This metaphor (a simile, technically) is from habit expert and author James Clear. He was a guest on an episode of Creative Elements, a podcast from Jay Clouse. Together, they discussed Clear’s career and the efforts he went to develop an audience and an expert niche.

This is a plainspoken simile (partially due to the speaking format). But its plainspoken simplicity gives it a clarity that many overwritten, overanalyzed metaphors lack. 

Writing is like driving the car. How? Well, it’s a journey. But to make that journey, you need gas: reading. 

Driving is an action anyone can imagine and driving, the act of moving and recovering, is a dynamic anyone can understand. 

The metaphor works because it maps onto that dynamic. It works well because writing is an activity that embodies that dynamic, that requires action, depletion, and action again. 

Consider these riffs:

🎸 Collaborating is like driving the car. You’re driving the conversation forward and carrying all your passengers with you. But silent, individual contemplation is the fuel. Without it, you won’t have anything to talk about.

🎸 Painting is like driving the car. You’re in control of the brush, its direction, and its movement. But appreciating other artists, that’s your fuel. Your store of inspiration will deplete without occasionally feeling wonder at what someone else made. 

You can reuse this metaphor if you find patterns like it. Almost any craft will require action and recovery by way of inspiration. 

3. Static electricity

“A single crowded sentence means giving up all the possible relations 

Among shorter sentences—the friction, the tension,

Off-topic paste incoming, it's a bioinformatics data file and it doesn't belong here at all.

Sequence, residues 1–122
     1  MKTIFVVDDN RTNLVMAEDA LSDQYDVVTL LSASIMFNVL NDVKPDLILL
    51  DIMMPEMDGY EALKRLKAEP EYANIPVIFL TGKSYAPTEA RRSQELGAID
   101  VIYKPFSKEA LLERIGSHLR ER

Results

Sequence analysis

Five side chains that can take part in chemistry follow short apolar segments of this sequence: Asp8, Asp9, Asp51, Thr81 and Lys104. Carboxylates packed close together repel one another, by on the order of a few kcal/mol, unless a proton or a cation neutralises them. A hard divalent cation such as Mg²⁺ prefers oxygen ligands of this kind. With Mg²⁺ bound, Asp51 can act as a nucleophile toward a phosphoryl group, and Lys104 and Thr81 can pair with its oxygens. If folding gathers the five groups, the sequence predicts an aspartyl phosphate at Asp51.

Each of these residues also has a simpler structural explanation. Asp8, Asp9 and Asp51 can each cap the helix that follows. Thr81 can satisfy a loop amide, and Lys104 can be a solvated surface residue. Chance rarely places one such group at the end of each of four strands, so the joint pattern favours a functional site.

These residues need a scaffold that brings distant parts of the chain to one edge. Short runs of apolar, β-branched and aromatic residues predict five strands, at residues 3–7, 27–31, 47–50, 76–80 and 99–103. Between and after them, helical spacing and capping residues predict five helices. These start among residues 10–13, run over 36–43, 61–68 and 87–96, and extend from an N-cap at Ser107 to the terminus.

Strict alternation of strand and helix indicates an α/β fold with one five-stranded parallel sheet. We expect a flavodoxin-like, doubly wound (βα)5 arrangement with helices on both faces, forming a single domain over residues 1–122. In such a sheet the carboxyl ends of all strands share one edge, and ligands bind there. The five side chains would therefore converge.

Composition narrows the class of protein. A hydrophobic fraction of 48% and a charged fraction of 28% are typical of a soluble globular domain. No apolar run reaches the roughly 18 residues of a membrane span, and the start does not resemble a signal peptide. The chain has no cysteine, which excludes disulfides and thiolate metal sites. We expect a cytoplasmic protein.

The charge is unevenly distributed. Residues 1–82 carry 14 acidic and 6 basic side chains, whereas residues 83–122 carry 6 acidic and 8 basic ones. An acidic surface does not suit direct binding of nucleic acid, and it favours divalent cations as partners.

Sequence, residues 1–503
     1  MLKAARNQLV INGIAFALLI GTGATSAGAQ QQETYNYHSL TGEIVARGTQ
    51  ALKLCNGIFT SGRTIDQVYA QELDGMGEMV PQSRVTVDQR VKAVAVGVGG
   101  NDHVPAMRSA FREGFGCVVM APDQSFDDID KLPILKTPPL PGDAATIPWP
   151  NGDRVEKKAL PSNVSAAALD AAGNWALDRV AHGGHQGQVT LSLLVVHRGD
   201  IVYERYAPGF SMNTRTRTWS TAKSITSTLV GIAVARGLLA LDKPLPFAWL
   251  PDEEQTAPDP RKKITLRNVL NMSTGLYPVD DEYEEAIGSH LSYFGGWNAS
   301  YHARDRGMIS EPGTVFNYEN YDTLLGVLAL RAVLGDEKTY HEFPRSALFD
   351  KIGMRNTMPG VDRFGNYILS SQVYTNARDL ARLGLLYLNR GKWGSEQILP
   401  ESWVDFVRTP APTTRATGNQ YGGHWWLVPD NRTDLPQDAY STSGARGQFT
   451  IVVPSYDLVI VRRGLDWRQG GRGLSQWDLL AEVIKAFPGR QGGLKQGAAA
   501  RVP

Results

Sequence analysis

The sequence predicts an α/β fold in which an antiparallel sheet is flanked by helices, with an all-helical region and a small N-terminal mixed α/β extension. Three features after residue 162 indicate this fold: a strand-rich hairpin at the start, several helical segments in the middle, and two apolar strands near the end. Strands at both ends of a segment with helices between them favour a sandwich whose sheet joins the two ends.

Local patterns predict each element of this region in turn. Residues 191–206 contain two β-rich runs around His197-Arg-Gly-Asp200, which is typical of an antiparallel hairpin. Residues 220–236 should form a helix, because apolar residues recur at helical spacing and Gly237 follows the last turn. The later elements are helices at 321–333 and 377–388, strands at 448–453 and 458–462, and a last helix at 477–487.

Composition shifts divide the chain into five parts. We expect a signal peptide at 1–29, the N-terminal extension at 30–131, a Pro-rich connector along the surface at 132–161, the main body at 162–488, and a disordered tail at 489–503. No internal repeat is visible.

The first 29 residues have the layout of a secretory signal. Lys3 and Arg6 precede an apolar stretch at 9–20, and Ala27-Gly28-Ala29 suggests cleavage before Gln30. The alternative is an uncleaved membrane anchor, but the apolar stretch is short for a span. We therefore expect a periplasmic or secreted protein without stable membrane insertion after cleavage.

The static electricity that builds up between them.”

- Verlyn Klinkenborg, Several Short Sentences about Writing

In his seminal book Several Short Sentences About Writing, American nonfiction author Verlyn Klinkenborg writes about… writing. But the whole book is shot through with the sense that he could fill hundreds more pages with his opinions, analyses, and conclusions.

In this excerpt, he disassembles overly complex sentences. 

Short sentences, according to him, generate an energy akin to static electricity. Ideas, close together, produce friction. Short, powerful sentences swell with that potential energy. The reader reveals and revels in it. 

Long sentences, however, unspool these ideas and let filler leak in. They’re weak, like a boat taking on the water that surrounds it. 

This metaphor works because Klinkenborg evokes something that typically goes unsaid, if not un-thought. 

Good writing feels different from bad writing. Tight writing has something behind it that loose writing doesn’t. Klinkenborg makes that truth visible through metaphor. 

The energy we feel becomes static electricity generated by the friction of short sentences packed with ideas. He encapsulates his point in a vivid image that makes his point more compelling, more memorable, and more believable. 


Every communicator and every professional has cause to describe what they do. The better you can do that, the better you can set your ideas in a context that makes them succeed. 

What you do doesn’t fully describe what you do. Compare the actions you take to things people understand. There’s power in mutual understanding.